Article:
In addition to “tooting the Claghorn” every week, Kenny Delmar served as Allen’s announcer and foil on the program, and would play secondary characters when needed. Kenny was Ginny Simms’ announcer for a brief stint, and performed on other shows with the likes of Bob Hope, Danny Kaye, Eddie Cantor and Henry Morgan. When the Allen show rang down the curtain in 1949, Kenny could still be heard on such series as The Magnificent Montague, The Theatre Guild on the Air and The Adventures of the Abbotts—and he made a big splash on Broadway as Hominy Smith in the hit musical Texas, Li’l Darlin’. Delmar also made inroads into television, guest starring on the likes of The United States Steel Hour and Kraft Theatre, but was more comfortable voicing a number of characters on cartoon shows. On King Leonardo and His Short Subjects he was the canine detective known as The Hunter (or as he pronounced it, “The Hun-tah!”); on Tennessee Tuxedo and His Tales he played the titular ex-military man on the segment The World of Commander McBragg (“Quite.”). Delmar also worked occasionally on Underdog (he was Colonel Kit Coyote of Go-Go Gophers fame) and narrated the adventures of The Beagles, a rock ‘n’ roll band of canines loosely based on some popular British music group.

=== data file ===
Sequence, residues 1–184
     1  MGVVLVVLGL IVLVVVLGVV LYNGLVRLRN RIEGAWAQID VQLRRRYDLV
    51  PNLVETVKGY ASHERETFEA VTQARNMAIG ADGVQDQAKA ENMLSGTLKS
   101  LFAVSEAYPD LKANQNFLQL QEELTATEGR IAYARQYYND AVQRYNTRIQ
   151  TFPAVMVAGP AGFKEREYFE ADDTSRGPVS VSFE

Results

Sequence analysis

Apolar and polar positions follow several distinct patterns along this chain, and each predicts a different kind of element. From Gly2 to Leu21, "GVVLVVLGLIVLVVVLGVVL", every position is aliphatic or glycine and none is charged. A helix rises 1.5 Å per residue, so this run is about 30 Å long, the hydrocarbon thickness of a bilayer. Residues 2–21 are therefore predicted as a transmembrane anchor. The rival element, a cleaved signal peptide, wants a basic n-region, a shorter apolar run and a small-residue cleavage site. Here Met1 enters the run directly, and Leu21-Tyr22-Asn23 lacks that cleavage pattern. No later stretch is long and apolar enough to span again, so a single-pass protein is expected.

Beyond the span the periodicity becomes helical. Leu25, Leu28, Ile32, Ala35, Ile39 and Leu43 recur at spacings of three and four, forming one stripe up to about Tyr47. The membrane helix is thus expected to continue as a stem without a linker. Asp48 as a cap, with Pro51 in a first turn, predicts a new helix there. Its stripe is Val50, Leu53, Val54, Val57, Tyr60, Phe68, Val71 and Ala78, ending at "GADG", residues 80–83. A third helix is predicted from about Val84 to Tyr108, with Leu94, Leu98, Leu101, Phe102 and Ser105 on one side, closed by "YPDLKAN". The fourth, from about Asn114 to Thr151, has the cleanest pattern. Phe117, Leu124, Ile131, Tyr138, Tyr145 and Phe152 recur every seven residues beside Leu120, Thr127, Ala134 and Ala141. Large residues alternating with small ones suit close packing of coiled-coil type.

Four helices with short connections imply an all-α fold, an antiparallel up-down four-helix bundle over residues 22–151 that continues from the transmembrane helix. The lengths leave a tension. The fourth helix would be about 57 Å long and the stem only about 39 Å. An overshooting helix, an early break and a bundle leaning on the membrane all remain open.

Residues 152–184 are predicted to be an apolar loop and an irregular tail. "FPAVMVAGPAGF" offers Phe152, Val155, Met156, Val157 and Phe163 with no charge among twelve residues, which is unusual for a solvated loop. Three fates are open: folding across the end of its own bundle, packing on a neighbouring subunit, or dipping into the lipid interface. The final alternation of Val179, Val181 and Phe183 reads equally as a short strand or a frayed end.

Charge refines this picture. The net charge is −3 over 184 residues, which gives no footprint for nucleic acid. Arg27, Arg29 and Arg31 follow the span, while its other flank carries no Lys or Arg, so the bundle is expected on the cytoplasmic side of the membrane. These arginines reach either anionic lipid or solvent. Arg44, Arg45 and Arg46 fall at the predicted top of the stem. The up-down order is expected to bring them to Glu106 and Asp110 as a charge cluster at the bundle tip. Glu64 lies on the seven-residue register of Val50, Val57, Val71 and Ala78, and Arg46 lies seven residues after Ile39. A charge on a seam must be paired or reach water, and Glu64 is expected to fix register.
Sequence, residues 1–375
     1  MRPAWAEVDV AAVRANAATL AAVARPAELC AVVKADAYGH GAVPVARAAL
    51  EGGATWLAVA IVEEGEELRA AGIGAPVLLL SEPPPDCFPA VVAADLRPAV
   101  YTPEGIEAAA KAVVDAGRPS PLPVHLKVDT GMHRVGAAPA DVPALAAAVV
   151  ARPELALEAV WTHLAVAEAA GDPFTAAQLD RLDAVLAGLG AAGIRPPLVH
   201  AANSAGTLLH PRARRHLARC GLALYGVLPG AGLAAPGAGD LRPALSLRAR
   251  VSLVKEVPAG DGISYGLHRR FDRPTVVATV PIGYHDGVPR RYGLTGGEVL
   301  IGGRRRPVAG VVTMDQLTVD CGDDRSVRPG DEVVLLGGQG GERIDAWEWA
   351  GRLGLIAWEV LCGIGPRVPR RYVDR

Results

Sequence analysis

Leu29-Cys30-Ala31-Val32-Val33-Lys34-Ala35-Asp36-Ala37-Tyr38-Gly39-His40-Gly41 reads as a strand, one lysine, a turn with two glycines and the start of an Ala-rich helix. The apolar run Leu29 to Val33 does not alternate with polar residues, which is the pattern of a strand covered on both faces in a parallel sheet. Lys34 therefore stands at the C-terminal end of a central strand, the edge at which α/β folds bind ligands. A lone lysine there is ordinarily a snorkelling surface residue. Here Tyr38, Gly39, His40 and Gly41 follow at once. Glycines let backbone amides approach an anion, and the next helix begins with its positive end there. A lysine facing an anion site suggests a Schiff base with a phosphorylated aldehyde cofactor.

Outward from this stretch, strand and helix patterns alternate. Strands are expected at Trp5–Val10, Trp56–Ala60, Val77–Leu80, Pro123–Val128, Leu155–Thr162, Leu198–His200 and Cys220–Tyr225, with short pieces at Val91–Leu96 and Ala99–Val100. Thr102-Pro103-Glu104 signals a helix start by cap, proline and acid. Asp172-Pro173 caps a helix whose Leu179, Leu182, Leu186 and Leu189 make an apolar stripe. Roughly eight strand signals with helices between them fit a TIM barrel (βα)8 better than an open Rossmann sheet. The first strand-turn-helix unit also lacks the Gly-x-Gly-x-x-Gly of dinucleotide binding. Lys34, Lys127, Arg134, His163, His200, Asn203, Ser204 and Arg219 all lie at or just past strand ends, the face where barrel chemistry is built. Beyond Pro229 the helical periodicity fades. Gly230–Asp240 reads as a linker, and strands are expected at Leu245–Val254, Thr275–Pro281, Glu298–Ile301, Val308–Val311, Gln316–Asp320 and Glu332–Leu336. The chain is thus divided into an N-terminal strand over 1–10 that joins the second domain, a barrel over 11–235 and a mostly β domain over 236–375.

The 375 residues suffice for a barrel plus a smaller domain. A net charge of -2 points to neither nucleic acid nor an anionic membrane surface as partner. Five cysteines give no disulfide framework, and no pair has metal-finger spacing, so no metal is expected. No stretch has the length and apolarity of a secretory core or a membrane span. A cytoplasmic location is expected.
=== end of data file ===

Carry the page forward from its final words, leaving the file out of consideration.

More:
Kenny Delmar spent his remaining years eagerly reminiscing about Radio’s Golden Age on venues like Same Time, Same Station—and finally left this world for a better one on July 14, 1984 at the age of 73.
Copyright 2014 Ivan G Shreve Jr and RSPT LLC. All rights reserved.